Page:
Hatch Detroit’s founders often hit the pavement, knocking on doors and attending local events to gain support for the program. It is key to understand the audience and build the program with its most important stakeholders. Emerging entrepreneurs who participate in Hatch often continue moving with their ideas after the contest.


Hatch Detroit was cofounded by Nick Gorga and Ted Balowski, metro Detroit natives who knew there were big ideas for new businesses in the city and wanted to help make them a reality. The Hatch Detroit organization now champions and supports independent retail businesses in Detroit through funding contests, education, exposure, and mentoring. Gorga and Balowski hoped this injection of entrepreneurial energy will inspire others in the community to initiate change.

Actions Taken

  1. Knock on Doors. When you have a great idea, it is important to get critical feedback from your peers and potential participants. Hatch Detroit gained traction thanks to an on-ground promotional campaign and inquiry at local entrepreneurial events.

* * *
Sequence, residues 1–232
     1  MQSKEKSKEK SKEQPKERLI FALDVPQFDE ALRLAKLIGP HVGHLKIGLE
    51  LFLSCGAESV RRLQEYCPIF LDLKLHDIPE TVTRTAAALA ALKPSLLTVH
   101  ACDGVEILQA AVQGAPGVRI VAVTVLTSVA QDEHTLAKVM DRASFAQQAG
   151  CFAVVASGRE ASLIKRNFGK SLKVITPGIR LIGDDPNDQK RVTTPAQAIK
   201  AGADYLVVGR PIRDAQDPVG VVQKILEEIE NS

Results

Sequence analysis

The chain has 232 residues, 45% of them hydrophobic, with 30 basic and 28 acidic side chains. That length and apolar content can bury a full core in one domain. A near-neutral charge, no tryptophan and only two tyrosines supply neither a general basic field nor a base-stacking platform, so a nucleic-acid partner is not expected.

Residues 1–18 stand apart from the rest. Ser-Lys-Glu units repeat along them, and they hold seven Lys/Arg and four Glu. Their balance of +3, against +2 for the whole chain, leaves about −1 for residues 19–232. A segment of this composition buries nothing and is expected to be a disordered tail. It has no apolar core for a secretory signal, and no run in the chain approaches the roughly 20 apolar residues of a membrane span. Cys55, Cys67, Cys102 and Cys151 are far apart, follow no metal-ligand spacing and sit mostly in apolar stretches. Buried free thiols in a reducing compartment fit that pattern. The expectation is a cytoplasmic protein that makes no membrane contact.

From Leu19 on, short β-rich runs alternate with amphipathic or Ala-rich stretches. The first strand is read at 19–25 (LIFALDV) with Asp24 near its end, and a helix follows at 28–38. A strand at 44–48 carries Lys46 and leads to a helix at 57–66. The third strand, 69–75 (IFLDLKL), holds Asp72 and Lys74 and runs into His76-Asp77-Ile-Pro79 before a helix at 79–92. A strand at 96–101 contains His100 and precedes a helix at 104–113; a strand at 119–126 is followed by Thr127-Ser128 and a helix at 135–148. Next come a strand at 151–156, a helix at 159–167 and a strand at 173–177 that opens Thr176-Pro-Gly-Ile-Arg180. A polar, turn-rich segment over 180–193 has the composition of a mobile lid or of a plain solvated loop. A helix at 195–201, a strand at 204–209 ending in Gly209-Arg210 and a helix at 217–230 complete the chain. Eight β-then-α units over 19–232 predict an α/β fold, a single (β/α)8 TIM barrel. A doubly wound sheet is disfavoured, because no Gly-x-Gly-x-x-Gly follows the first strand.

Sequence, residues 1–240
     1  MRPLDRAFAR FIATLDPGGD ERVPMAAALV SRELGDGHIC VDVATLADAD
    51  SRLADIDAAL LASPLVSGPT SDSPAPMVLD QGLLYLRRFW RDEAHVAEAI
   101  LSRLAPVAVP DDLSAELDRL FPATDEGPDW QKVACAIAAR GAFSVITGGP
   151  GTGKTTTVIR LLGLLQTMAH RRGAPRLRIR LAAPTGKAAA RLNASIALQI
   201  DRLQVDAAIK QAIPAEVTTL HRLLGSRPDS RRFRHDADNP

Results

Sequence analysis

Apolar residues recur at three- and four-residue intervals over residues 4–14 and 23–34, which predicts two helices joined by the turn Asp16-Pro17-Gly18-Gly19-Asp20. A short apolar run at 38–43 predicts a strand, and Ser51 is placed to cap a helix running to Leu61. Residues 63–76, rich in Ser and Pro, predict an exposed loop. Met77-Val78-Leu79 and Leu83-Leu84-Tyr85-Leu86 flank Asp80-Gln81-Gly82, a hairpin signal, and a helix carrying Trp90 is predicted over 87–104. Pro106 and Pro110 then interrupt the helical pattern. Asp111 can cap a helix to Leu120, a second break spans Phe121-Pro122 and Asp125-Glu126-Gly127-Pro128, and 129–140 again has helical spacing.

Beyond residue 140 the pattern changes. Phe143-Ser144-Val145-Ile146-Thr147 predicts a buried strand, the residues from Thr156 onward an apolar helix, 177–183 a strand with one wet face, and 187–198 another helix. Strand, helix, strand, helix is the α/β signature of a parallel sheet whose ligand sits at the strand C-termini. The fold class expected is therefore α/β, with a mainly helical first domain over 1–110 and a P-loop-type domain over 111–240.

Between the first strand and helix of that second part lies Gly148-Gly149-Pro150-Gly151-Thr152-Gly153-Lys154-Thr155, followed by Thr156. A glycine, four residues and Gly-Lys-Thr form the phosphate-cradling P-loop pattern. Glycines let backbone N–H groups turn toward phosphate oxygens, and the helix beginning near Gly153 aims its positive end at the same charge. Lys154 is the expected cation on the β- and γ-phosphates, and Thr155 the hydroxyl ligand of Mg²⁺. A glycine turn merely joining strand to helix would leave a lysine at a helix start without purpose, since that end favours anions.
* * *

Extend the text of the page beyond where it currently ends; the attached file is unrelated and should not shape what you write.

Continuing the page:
2. Make a Plan. Take the time to create a master plan including timeline, goals, budget, fundraising strategies, marketing, and communications. Being proactive about your plan will save you time and energy in the long run. Outline your needs and assets at different phases of the process and build a roadmap for success. You will want to set strict deadlines for each phase of the contest.
  3. Setup Tech and Communication Tools. Work with your technology and communication teams build a clean website that allows for a streamlined application and voting process. Applicants may need to upload supporting files or setup a time to discuss their proposal with program staff.
  4. Hatch DetroitAccept Submissions. Applications for the Hatch Detroit Contest are available for about a month and a half, and it is recommended to run the contest cycle at the same time each year. This builds anticipation and also allows applicants ample time to prepare. Entrepreneurs must submit an executive summary, resume, and video/digital sample of their work. Last year there were 270 submissions. Tips for the submission process include: Fully develop your retail concept, start putting together a budget, build your online audience, get creative, test your product/concept around town.